Easy Monkey Taphouse

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IPAs: What Are They?

Maybe you’ve tried an IPA (India Pale Ale) or two. Or maybe you’ve tried many, many varieties of the currently very popular type of pale ale you can find in any grocery store or bar. Maybe you even have a favorite IPA – but how much do you really know about this type of ale? How are they different than other pale ales? What do they have to do with India?

A Brief History of IPAs

While a wide variety of things grow in India – things like coffee, rubber, sugarcane, corn, and wheat, not to mention a variety of spices – crops aren’t as varied in England. During the first half of the 1700s, Britain had a strong trading presence in India (think “The British East India Trading Company”), but as time went on, British troops waged a successful war, and the monarchy eventually ruled there for almost 200 years. During that time, a great many things continued to be traded between the two places, and Britain sent beer to their soldiers in India; it was a light, refreshing, thirst quenching beverage. Because of the difference in climates, the brewers believed that the beer required a great deal of hops in order to endure the long (4,600+ mile) sea voyage and arrive fresh at its destination.

Feeling Hoppy

IPAs are, simply put, pale ales that were made to be transported from England to India; that’s why they’re called “India Pale Ales” instead of just pale ales. The hops involved in the creation of IPAs in the 17- and 1800s were East Kent Goldings hops, grown in England; today, IPA brewers use a wide variety of hops. Hops grow well in Washington state (in fact, Washington produces over 70 percent of the nation’s hops), and the IPAs made in this part of the U.S. use aroma and alpha (including super alpha) varieties of hops, including Willamette, Mt. Hood, Columbus/Tomahawk, Galena, Cascade, Nugget, and Zeus.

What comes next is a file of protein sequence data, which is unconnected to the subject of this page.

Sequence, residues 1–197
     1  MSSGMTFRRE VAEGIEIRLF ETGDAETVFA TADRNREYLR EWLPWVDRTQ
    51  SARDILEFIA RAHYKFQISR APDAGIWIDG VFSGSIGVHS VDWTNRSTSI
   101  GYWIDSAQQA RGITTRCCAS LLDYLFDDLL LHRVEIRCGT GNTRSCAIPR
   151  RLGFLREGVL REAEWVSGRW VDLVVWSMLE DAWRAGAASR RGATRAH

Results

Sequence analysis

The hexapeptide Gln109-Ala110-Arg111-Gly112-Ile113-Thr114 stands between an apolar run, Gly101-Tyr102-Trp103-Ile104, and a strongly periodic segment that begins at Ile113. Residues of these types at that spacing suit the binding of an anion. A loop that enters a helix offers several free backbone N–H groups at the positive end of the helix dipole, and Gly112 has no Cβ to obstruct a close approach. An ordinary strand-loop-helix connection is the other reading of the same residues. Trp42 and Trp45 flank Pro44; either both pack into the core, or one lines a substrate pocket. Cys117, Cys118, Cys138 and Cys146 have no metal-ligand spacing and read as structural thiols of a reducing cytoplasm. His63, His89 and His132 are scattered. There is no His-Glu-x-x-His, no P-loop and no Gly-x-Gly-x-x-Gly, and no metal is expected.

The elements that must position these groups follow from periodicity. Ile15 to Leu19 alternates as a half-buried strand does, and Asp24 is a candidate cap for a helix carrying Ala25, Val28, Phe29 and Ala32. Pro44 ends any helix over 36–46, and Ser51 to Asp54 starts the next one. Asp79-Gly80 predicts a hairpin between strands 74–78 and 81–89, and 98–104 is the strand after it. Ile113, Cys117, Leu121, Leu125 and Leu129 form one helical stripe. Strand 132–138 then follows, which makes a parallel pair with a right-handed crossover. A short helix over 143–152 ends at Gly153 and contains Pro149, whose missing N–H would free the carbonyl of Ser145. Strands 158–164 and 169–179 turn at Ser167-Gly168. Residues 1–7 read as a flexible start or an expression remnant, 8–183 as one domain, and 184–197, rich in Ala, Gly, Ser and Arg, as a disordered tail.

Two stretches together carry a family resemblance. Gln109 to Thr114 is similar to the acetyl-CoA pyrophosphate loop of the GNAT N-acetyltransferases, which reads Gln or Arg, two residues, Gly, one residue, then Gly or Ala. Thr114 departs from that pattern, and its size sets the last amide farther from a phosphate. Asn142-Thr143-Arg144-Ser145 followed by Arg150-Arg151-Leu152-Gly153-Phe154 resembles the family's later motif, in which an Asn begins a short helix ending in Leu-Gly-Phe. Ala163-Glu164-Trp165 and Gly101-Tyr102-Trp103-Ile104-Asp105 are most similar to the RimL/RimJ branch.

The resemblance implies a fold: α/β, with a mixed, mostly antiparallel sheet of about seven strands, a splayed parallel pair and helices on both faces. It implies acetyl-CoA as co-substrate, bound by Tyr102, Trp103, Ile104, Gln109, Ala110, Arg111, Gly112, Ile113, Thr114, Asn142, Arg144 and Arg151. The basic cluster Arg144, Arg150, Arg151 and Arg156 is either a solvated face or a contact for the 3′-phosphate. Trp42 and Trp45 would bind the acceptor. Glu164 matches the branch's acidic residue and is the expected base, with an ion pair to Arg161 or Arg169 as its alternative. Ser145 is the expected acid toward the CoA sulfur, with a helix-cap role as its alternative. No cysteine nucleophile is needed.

What are Hops, and Why are They Used to Make Beer?

The basic ingredients in beer are water, yeast (for fermentation), hops, and grain (frequently malted barley). The different ingredients have unique functions, and hops are no exception; hops give beer the following qualities:

  • Stability – That’s why it was used in beers that were transported all the way from England to India; hops make beer last longer
  • Aroma and flavor – There’s a strong relationship between what hops smell and taste like; when you crush the hops
  • Bitterness – Where malt is sweet, hops are more bitter, so they serve to balance the flavor

Put simply, hops make beer fun, interesting, and tasty. Why do wine drinkers like to drink wine? It’s the same reason IPA drinkers drink IPAs. Maybe it’s not your taste preference, but IPAs come in so many different, unique, and interesting varieties that many individuals have discovered that they enjoy the surprises, nuances, and diversity found in India Pale Ales.

Interested in Testing Your Tastes?